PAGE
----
West Virginia House Judiciary Committee resumes review of evidence in impeachment probe

Sue Racer Troy, chief financial officer for the court's financial division, testifies Thursday before the West Virginia House Judiciary Committee. (West Virginia Public Broadcasting)

After a week off, the West Virginia House Judiciary Committee took the long-awaited tour Monday of the justices’ offices at the West Virginia Supreme Court and then resumed reviewing evidence in possible impeachment proceedings.

Eyewitness News Reporter Kenny Bass breaks down each of the Supreme Court Justice's chambers:

The House panel resumed its review of evidence after taking a recess. The committee went into executive session about 5:20 p.m. Chairman John Shott said he does not believe the committee will be taking any votes Monday and will resume its review of evidence on Tuesday.

On Monday morning, committee members toured the justices' private chambers along with three members of the media including a print reporter, radio reporter and a TV photographer. Watch a video of their tour below.

Later, they resumed their meeting, calling Sue Racer Troy, chief financial officer of the court’s finance division as the first witness. Troy questions about court lunches, vehicle use by justices, IRS compliance and use of independent contractors.

View the full morning session of the House panel's Supreme Court investigation.

Troy testified about the notebook of construction and furniture costs compiled by the court for Eyewitness News iTeam Lead Investigation Reporter Kennie Bass when he launched an investigation into court spending.

Troy said Justice Allen Loughry did not ask her to remove any items from the book, including architectural fees.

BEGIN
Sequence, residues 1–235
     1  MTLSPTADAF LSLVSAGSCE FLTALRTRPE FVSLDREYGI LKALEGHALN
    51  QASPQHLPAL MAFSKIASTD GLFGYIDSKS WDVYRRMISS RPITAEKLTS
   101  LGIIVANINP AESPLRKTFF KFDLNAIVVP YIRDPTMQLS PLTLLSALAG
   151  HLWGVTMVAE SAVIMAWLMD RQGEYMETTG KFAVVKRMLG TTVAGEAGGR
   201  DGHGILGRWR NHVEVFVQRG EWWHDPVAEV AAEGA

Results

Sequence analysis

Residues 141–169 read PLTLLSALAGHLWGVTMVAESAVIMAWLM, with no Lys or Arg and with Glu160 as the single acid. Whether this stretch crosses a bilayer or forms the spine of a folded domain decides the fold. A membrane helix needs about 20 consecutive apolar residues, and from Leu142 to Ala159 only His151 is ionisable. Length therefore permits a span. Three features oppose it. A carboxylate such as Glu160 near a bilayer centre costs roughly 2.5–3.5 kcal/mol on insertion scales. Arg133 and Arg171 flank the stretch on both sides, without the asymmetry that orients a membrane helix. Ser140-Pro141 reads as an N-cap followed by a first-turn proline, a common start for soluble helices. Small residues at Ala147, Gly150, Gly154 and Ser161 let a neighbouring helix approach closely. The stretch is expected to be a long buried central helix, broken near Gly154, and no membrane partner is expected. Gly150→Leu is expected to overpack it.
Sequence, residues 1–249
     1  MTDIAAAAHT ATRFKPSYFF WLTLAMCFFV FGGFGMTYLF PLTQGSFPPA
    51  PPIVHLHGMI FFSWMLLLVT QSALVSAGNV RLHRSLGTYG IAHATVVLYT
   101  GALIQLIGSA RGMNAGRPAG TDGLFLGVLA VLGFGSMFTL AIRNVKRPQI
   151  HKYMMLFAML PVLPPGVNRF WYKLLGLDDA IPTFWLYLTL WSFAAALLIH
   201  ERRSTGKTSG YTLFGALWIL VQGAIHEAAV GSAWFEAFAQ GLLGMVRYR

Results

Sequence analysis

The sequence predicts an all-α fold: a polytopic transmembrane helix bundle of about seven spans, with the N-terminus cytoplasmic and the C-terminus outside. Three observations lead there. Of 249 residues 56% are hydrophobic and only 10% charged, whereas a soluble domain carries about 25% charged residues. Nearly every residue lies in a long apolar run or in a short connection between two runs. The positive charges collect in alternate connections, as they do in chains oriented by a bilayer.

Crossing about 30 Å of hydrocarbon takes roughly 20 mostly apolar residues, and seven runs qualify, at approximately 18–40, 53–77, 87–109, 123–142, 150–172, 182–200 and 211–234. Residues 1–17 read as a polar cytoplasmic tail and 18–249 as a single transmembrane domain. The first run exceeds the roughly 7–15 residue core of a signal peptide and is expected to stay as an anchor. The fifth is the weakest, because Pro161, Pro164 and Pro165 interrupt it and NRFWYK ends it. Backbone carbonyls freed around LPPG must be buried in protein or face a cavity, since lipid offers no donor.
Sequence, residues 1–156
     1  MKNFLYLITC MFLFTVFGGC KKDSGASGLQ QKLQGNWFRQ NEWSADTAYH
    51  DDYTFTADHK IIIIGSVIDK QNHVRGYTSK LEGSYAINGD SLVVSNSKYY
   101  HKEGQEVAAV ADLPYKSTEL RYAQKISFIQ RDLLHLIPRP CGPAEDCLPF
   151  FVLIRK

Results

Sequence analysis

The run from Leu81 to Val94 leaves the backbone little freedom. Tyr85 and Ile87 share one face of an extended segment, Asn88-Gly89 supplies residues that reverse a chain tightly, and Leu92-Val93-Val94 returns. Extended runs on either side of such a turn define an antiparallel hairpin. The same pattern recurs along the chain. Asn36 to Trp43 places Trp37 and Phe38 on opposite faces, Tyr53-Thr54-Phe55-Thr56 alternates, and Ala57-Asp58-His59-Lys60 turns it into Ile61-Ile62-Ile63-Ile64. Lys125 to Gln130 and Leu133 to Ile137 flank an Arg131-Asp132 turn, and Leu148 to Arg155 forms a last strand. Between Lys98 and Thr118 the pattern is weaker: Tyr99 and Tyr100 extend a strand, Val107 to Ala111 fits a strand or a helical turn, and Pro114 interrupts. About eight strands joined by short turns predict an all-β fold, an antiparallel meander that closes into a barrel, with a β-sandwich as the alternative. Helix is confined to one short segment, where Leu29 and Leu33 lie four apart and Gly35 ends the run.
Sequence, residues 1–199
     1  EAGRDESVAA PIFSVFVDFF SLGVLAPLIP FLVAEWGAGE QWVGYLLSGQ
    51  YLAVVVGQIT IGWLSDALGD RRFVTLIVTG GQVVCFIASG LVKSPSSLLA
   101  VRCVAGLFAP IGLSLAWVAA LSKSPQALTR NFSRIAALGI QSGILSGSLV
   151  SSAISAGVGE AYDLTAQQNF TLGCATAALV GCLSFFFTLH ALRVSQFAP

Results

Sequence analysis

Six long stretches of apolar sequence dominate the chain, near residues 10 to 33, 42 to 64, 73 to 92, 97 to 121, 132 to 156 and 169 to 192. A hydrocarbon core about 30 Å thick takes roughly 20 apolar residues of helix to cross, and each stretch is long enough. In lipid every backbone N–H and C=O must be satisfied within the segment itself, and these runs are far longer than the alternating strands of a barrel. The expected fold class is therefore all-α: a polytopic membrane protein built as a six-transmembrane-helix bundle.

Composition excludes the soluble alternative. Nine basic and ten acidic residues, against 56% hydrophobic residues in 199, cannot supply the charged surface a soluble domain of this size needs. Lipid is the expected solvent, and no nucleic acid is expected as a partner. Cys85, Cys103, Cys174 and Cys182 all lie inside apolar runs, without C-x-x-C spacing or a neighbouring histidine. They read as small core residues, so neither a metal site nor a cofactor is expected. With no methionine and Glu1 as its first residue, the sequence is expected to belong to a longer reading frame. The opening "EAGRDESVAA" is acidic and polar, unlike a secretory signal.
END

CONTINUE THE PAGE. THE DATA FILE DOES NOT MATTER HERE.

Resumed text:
On another matter, Troy testified that no one inside the court would know what the cost of renovating each justice's chamber was because before Bass, Eyewitness News's lead ITeam investigative reporter, had ever asked.

In 2015, Troy said, then-Chief Justice Margaret Workman requested that the administrative director develop a policy on the use of purchase cards. She said then-court administrator Steve Canterbury told Troy not to worry about it. When asked whether she believed Canterbury was “bucking” Workman on it, Racer said in her opinion, “yes.”

Later, when Gary Johnson took over as court administrator some policies were implemented in 2017, including a travel policy.

Troy was questioned about how much the justices knew about the cost of the renovations in their offices. She said she did not believe they were aware.

"No one ever asked me to tally it up, so I don't see how they could know how much they cost since they never saw the invoices," she said.

After a lunch recess, Troy continued her testimony before the committee. She says the book given to Bass, the lead investigative reporter for the Eyewitness News iTeam, with costs for renovations was never meant to be audited and that she knew additional invoices would be discovered.

Until the tour of the Supreme Court Monday, Bass and photojournalist Larry Clark were the only members of the media allowed inside the private chambers.

The tour provided committee members an opportunity to see some of the more than $3.7 million in renovations at the Supreme Court that were first revealed in a November 2017 Eyewitness News ITeam investigative story. Some of those renovations that were uncovered included the now infamous $32,000 couch and $7,500 custom medallion in suspended Justice Allen Loughry’s chambers.

Since that story aired, the court has been rocked by controversy. Loughry is facing a 23-count federal indictment that accuses him of mail and wire fraud, witness tampering and making false statements to the FBI. He has pleaded not guilty to the charges.

Loughry also faces allegations that he violated the Code of Judicial Conduct.

Meanwhile, former justice Menis Ketchum resigned and retired from the court at the end of the business day on July 27. Federal prosecutors announced that Ketchum has agreed to plead guilty in an information to one count of wire fraud. The House Judiciary Committee said it will not consider evidence against Ketchum since he was leaving office.

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